Curator discovers what may be the world's earliest depiction of a ghost | MCU Times

Curator discovers what may be the world’s earliest depiction of a ghost


A 3,500-year-old Babylonian tablet that had been housed in the vaults of London’s British Museum since the 19th century appears to have include the earliest depiction of a ghost according to a forthcoming book.

The discovery is mentioned in The first ghosts: The oldest of inheritance, authored by Irving Finkel, curator of the British Museum’s Middle East Department. According to Finkel, the long-overlooked clay tablet has a blurred drawing that can only be seen from above, under bright light.

“You would probably never think about it because the area where the drawings are, there seems to be no writing,” he said. Guardian in an interview. “But when you examine it and hold it under a lamp, those figures leap out towards you through time in the most sensational way.”

The drawing on the tablet depicts a bearded male ghost being led to the underworld by a younger woman, possibly a lover. It belongs to a cuneiform guide to exorcism that has never been shown in public, and half of which are missing.

“It’s obviously a male ghost, and he’s miserable,” Finkel said. “You can imagine a tall, thin, bearded ghost hanging around the house, people got on their nerves. The final analysis was that what this ghost needed was a lover.”

“You can’t help but imagine what happened before. “Oh God, Uncle Henry is back.” Maybe Uncle Henry has lost three wives, ”joked Fickel. “Something that everyone knew was that the way to get rid of the old villain was to marry him off. It’s not imaginative to read this in. It’s a kind of explicit message. There is very high quality writing there. and immaculate drawing. ”

The back of the hand-sized tablet has a text with instructions for handling a ghost that “grabs a person and pursues him and cannot be released.”

The exorcism ritual begins with making figures of a man and a woman, with specific instructions in the text: “You dress the man in an everyday guard and equip him with travel supplies. You wrap the woman in four red robes and dress her in a purple robe. You give her a golden brooch. You fully equip her with bed, chair, mat and towel; you give her a comb and a flask. “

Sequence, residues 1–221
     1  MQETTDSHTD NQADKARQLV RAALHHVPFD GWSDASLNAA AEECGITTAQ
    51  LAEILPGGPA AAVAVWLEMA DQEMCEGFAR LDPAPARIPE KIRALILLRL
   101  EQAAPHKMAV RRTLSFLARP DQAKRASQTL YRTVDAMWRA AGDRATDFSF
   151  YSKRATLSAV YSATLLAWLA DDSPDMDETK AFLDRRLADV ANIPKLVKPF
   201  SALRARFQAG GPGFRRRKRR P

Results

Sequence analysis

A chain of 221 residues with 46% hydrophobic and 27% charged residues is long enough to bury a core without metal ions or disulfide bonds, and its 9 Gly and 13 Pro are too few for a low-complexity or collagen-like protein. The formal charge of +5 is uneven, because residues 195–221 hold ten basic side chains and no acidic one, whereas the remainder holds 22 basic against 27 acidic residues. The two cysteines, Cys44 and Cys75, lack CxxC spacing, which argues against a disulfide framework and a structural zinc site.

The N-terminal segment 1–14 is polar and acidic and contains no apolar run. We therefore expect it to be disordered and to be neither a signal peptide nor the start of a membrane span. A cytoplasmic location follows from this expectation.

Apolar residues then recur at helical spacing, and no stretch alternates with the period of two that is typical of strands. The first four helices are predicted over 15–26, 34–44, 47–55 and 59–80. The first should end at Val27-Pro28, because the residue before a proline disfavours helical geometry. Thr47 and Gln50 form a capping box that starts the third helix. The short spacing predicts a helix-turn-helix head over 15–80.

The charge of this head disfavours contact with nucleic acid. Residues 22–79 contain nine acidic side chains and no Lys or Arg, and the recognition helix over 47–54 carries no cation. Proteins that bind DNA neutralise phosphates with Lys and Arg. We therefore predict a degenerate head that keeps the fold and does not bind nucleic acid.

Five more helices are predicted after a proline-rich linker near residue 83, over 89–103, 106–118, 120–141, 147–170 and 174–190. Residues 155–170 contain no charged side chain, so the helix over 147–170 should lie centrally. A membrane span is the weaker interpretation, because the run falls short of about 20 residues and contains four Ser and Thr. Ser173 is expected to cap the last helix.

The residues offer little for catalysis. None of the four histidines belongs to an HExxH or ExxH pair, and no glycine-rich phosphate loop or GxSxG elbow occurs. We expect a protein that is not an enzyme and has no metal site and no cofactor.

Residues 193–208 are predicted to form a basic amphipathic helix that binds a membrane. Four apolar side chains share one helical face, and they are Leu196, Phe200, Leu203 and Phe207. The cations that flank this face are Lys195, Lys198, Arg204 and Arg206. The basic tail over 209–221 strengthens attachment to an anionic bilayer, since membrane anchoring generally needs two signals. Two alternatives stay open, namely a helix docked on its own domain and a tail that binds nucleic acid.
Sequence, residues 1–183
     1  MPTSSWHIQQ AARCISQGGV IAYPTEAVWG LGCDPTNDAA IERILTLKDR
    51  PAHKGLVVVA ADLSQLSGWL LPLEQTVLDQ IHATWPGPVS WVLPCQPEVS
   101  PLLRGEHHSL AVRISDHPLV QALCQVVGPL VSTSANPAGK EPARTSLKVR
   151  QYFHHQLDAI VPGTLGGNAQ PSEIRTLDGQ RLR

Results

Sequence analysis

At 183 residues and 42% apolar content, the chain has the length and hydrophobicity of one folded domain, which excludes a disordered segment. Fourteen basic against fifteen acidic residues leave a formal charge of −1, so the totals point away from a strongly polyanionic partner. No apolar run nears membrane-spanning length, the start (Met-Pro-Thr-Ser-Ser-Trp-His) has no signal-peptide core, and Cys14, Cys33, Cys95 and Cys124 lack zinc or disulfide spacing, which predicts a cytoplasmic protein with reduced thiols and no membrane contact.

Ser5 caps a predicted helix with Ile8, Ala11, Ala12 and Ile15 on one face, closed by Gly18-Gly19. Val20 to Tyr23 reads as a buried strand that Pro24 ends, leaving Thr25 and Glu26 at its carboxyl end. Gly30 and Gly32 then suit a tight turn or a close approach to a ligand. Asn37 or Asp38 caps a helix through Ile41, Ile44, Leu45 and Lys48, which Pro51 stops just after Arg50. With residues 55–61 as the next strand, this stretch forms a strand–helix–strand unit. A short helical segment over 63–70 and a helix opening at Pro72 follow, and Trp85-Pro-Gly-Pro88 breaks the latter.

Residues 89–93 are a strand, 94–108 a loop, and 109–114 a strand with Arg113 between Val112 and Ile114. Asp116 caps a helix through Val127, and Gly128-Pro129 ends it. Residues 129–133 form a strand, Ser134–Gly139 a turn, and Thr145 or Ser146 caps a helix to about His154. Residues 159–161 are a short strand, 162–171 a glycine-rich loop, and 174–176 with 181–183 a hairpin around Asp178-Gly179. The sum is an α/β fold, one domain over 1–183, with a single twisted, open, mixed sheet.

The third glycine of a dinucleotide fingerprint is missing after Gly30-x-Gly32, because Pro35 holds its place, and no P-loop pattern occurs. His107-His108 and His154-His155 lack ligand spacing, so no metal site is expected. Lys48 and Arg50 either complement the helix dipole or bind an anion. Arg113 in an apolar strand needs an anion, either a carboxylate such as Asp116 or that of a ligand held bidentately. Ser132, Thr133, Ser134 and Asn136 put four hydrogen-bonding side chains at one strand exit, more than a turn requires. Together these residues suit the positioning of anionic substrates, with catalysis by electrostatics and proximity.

Next, the ritual involves tubs of beer and induction Shamash, the Mesopotamian sun god and judge of the underworld.

“At sunrise you make the ritual arrangements and set up two carnelian vessels with beer,” reads the cuneiform. “You put a special vessel in place and set up a juniper incense vessel with juniper berries. You draw the veil like the soothsayer. You [put] the figures together with their equipment and place them in place … and say as follows: Shamash [god of the sun and judge of the underworld by night]. “

The text ends with the ominous warning: “Do not look behind you!”

According to Finkel, the purpose of the ritual was to transfer the ghost to one of the figures. He believes the tablet belonged to a magic library in an exorcist’s house or in a temple.

In a video from the British Museum from 2018, the scholar explained that Mesopotamian funeral rites ensured that the dead are “joly well locked inside and would not come back and create trouble.”

“Everyone in Mesopotamia, as far as I understand, believed in ghosts,” he added, explaining that people from the period felt sympathy for wandering spirits who were unable to find rest.

When asked if he would attend a session himself, Finkel agreed without hesitation and said, “I would like to see a ghost. I have never seen one. It is very annoying to me.”

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